The temptation to reduce the entire 2015 RDH eVillage salary survey to the words "same-old same-old" is admittedly strong.

Dec. 24, 2015
Numerous factors concern dental hygienists about a career-long satisfaction with the profession.

Numerous factors concern dental hygienists about a career-long satisfaction with the profession. However, an article about Medicaid reimbursement in California recently caught my eye. The journalist was not focusing on dental hygiene. He was merely quoting a dentist about the absurdities associated with Medicaid reimbursement as a valid reason why dentists are reluctant to treat those patients. The dentist said the reimbursement for a prophy was three to four dollars less than the hourly rate earned by the hygienist providing the treatment.

The hourly rate quoted seemed low to me. So I went back to the data for California and less than 2% earn that specific hourly rate. Most hygienists in California earn about $15 an hour more than what was reported. So, if the Medicaid reimbursement is universal, there's an even bigger loss encountered by dental offices.

Many hygienists recognize that dentists struggle with low reimbursement from third party sources. A raise is not merely a matter of prying the cash loose from the dead dentist's fingers. Many dentists value the role of team members, but how exactly are they supposed to offer a pay raise when the overhead exceeds revenue?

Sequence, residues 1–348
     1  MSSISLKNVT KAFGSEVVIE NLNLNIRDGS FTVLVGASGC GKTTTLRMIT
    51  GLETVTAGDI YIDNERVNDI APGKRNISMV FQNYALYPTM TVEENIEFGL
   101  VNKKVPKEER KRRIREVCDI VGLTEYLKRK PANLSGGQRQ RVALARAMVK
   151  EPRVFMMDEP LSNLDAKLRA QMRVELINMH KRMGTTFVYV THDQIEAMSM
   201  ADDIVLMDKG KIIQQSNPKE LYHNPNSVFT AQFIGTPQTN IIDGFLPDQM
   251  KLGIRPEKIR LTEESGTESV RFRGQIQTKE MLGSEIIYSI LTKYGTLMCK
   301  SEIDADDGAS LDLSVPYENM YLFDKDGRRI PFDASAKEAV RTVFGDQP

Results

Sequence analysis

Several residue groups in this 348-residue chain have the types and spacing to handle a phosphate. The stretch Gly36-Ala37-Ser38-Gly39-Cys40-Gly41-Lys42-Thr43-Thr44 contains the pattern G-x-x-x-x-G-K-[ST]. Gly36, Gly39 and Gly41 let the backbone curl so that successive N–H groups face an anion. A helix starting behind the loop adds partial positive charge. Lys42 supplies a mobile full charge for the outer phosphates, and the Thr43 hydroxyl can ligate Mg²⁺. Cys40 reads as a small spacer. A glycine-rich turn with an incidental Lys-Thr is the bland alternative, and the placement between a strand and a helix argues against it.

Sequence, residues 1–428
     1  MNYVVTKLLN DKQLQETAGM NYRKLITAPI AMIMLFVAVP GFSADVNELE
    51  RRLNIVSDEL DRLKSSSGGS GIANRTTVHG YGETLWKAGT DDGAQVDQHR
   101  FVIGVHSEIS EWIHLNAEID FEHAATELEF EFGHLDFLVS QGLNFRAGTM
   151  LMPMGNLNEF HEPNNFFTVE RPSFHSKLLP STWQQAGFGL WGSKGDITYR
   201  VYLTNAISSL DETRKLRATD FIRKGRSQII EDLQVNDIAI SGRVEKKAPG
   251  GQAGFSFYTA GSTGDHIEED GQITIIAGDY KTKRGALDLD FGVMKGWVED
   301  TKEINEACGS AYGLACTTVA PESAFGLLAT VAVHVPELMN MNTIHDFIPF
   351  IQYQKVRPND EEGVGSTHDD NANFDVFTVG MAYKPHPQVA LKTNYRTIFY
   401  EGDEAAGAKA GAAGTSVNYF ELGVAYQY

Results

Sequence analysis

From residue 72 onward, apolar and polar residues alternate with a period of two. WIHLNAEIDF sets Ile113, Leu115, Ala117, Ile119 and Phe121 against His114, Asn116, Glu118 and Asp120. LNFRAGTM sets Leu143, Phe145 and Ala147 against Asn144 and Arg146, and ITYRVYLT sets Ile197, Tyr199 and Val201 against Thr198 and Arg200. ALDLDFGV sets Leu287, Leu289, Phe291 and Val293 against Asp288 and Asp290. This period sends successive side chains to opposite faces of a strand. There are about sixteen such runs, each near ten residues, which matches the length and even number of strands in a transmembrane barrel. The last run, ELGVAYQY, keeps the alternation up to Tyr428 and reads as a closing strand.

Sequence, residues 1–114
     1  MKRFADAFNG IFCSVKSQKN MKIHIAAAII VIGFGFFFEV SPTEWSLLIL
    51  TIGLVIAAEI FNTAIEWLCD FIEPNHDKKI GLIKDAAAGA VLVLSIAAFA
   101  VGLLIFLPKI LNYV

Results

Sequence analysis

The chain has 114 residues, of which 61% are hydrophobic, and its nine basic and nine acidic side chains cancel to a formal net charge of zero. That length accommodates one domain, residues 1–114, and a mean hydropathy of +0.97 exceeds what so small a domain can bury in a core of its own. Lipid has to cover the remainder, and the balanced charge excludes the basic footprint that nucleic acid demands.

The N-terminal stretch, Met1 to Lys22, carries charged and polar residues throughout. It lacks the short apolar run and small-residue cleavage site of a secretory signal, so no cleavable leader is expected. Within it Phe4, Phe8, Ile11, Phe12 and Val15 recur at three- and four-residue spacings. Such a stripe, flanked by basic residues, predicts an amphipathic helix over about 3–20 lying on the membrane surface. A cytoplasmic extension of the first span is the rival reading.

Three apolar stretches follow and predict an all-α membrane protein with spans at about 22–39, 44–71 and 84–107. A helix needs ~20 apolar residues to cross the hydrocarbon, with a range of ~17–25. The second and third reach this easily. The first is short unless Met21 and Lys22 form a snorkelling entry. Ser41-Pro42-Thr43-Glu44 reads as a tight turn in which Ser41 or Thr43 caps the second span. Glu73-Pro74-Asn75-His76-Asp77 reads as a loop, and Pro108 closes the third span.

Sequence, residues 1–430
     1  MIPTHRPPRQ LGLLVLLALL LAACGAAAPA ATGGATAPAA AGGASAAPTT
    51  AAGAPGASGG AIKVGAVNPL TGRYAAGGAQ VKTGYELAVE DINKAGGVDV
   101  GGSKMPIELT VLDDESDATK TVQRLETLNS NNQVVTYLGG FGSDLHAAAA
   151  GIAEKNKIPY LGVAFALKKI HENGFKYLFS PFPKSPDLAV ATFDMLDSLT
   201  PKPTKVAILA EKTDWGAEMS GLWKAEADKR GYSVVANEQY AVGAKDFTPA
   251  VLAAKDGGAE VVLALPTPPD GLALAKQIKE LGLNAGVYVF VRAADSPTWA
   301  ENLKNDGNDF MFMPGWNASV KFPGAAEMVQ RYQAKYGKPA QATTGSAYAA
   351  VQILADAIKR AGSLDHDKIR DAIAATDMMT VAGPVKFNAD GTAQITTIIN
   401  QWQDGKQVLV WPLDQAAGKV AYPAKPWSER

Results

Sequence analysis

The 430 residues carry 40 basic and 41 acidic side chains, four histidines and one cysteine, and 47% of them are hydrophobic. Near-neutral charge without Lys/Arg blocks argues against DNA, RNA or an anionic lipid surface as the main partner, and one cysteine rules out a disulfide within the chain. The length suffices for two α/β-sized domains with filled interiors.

The 2015 salary survey, by the way, can be found online. Quite simply, I would suggest searching for "2015 salary survey" at Most of the survey results were examined for various aspects of wages and benefits projected for the current year (most respondents answered the survey in August or September). I didn't really compare with previous years, and I would like to do so here.

Most common hourly rate reported nationally

2013: $40 an hour

2014: $35 an hour

2015: $35 an hour

Most common projected dental hygiene income for the year

2013: $41,000 to $50,000

2014: $51,000 to $60,000

2015: $51,000 to $60,000

Percentage content with current work schedule

2013: 61%

2014: 62%

2015: 82%

Percentage receiving pay raisewithin previous 12 months

2013: 15%

2014: 25%

2015: 27%

Are you tempted to say "same-old same-old" too? What concerns me the most are some contradictions. First of all, the projected annual incomes are lower than what those glowing job market forecasts state about the dental hygiene profession. Secondly, the "content with work schedules" is based on a workforce that wants to work part-time. Most of the content hygienists do not work full-time. Is it possible that perceptions about dental hygiene being a part-time job will tarnish the overall respect given to the profession? It shouldn't be same-old same-old.

Mark Hartley

[email protected]